At our facility, we refuse to contain Berghia in sealed jars and other limited spaces that do not permit aeration. We believe this common practice results in low-quality berghias, as maintaining them in jars is highly unlikely for most customers’ aiptasia setups. Our alternative? Raising the Berghia with flowing rock structures which create hunting opportunities and additional challenges allowing us to deliver superior quality specimens every time!

Please be aware that Berghia may seem lethargic upon arrival, but this does not indicate death. (Dead Berghia will exhibit no movement even after drip acclimation and become a shapeless pile of goo.) Additionally, the size or volume of these creatures can decrease during transportation; however, they should return to their standard forms once they have adjusted in the tank and fed on Aiptasia.

 

BERGHIA TANK ACCLIMATION

To ensure the successful acclimation of your Berghia, make sure to turn off all pumps and power heads in order to reduce water flow. For those who opt for floating the bottle within the tank, remember that they are nocturnal creatures so it’s important to do this with the lights turned off; alternatively you may use a sump instead for greater safety. After allowing them to float for 5 minutes, pour out half of their original bottled water into a cup – be careful not to lose any Berghia during transfer! Take the bottle and fill it up with water from your reef tank, which will be their new home. Allow the container to drift for an additional 5 minutes; during this period of time, you’ll see aiptasia beginning to sweat- don’t fret if some attempt to hide away! Berghias possess extraordinary skills when it comes to luring them out of all types of rock surfaces.

 

PLACING BERGHIA IN YOUR TANK

Take caution when handling Berghia, as they are highly fragile. A pipette should be used to extract one at a time and place them two inches away from any existing aiptasia. Never set the Berghia directly on top of an aiptasia, as they have been known to consume it upon contact. Additionally, keep your pipette close enough to your rock work so that the water column can be avoided; if the creature sticks to its side you may need pump harder in order for it come out.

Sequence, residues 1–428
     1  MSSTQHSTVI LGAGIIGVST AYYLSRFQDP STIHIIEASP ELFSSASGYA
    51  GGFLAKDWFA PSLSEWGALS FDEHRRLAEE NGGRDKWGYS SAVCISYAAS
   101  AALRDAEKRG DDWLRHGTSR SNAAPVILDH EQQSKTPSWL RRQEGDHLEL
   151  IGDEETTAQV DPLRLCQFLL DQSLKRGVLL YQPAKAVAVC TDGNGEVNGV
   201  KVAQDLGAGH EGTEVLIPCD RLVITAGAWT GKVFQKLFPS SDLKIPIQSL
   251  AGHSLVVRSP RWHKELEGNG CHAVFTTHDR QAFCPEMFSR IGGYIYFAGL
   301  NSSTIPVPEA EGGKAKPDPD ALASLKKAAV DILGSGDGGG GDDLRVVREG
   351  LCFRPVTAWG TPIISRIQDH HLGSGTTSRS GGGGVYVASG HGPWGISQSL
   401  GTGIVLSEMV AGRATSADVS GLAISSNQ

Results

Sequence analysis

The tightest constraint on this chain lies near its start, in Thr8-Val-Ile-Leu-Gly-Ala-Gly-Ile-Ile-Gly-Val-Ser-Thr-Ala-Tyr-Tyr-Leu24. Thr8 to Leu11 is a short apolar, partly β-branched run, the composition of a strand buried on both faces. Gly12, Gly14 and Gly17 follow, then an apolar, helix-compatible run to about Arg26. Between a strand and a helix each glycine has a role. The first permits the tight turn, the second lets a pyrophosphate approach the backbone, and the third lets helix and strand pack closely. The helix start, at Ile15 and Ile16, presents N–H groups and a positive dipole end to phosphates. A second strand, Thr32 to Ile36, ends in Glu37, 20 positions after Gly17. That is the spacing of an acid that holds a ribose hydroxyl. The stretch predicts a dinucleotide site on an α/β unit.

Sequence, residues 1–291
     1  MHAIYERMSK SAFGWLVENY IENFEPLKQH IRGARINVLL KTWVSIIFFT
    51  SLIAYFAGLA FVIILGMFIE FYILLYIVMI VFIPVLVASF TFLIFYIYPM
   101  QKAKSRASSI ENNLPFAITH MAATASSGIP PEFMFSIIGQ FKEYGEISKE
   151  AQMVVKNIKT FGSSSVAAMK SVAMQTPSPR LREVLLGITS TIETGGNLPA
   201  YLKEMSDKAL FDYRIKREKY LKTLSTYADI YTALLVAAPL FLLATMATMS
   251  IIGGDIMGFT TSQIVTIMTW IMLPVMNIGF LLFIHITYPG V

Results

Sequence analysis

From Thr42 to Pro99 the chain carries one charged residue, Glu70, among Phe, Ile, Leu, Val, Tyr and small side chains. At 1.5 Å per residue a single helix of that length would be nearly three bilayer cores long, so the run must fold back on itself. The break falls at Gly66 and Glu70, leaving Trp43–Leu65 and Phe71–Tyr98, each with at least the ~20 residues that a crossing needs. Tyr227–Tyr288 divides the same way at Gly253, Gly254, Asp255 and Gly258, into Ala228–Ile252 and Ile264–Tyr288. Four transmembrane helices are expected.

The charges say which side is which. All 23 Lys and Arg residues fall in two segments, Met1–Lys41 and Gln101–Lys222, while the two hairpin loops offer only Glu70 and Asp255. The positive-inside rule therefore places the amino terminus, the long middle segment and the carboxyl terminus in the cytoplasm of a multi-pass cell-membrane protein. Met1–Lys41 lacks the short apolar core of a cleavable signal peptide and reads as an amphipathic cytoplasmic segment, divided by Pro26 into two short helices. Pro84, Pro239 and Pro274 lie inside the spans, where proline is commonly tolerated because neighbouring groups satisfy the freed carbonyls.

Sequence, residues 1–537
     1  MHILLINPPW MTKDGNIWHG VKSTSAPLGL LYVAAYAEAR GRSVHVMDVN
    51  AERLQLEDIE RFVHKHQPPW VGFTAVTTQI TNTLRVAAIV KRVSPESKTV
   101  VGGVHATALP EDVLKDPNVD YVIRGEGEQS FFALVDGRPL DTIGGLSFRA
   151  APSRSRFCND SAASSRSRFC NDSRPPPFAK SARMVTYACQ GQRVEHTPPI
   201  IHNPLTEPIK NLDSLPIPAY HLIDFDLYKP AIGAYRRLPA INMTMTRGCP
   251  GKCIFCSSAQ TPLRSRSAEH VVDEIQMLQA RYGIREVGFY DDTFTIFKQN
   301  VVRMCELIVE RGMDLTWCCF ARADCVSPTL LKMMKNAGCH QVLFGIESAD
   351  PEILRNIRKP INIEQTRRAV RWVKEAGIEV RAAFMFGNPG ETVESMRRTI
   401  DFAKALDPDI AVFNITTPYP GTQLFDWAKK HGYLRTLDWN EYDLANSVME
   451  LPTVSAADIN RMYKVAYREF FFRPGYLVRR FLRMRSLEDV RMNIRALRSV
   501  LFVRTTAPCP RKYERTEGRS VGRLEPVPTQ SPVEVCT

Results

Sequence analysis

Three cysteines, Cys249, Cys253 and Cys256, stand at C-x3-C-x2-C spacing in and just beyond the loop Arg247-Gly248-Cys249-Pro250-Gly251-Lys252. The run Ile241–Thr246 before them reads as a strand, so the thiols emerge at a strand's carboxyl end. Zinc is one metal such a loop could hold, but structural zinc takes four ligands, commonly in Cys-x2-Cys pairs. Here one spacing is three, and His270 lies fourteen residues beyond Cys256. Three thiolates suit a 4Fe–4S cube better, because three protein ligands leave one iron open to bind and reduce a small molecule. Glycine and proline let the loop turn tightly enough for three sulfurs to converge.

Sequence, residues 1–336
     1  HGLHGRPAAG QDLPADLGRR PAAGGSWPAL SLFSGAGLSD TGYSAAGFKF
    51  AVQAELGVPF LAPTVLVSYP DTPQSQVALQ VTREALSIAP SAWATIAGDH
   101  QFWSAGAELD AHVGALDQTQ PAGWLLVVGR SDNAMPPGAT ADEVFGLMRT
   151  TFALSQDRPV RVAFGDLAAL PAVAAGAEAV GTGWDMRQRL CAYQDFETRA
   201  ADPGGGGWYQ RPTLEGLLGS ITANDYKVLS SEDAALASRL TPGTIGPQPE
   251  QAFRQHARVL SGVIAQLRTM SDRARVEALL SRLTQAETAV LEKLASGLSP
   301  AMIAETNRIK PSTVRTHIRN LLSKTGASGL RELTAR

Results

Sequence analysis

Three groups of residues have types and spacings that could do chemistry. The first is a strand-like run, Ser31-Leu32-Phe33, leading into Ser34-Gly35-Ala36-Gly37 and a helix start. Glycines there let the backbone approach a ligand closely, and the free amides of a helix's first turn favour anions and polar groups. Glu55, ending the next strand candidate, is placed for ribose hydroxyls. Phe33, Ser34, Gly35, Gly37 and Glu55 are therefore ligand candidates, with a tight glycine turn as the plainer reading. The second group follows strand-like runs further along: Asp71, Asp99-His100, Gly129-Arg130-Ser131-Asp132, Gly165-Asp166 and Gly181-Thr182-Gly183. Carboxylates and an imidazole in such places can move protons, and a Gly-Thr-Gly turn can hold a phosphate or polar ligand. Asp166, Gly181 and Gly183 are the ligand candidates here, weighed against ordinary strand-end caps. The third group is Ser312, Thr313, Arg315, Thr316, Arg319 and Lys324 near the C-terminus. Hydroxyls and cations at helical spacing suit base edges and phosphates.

HOW WILL THE BERGHIA ACT AFTER BEING INTRODUCED INTO MY TANK?

Once your Berghia arrive, they will be difficult to spot as they’ll settling into their new home. At night, use a blue LED flashlight to best search for them. To monitor the progress of these hitchhikers working their magic on pesky Aiptasia infestations, keep an eye out for all those you can recall; over time you should witness them vanish! But don’t expect instant results – depending on the severity of the outbreak it could take months before everything’s back in balance again.

 

***Please note that some wrasses, carnivorous shrimp, and filefish may pick at berghia nudibranchs or their eggs

Tank Size Recommendations:

Under 30 gallons: 3 berghia nudibranchs

Between 30-50 gallons: 4-6 berghia nudibranchs

Between 50-100 gallons: 7-9 berghia nudibranchs